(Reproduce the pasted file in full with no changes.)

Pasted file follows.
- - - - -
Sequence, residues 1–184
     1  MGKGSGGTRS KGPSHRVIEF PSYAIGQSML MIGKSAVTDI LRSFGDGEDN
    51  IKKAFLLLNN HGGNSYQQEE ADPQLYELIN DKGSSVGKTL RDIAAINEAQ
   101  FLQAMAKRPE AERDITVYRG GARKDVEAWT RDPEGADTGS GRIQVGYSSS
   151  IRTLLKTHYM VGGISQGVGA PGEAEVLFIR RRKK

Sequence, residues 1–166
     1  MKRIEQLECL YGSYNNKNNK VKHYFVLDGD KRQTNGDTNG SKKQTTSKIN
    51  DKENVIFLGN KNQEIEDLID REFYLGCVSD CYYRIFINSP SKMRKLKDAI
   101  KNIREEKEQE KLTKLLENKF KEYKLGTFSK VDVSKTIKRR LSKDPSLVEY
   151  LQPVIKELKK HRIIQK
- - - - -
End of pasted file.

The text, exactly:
Sequence, residues 1–184
     1  MGKGSGGTRS KGPSHRVIEF PSYAIGQSML MIGKSAVTDI LRSFGDGEDN
    51  IKKAFLLLNN HGGNSYQQEE ADPQLYELIN DKGSSVGKTL RDIAAINEAQ
   101  FLQAMAKRPE AERDITVYRG GARKDVEAWT RDPEGADTGS GRIQVGYSSS
   151  IRTLLKTHYM VGGISQGVGA PGEAEVLFIR RRKK

Sequence, residues 1–166
     1  MKRIEQLECL YGSYNNKNNK VKHYFVLDGD KRQTNGDTNG SKKQTTSKIN
    51  DKENVIFLGN KNQEIEDLID REFYLGCVSD CYYRIFINSP SKMRKLKDAI
   101  KNIREEKEQE KLTKLLENKF KEYKLGTFSK VDVSKTIKRR LSKDPSLVEY
   151  LQPVIKELKK HRIIQK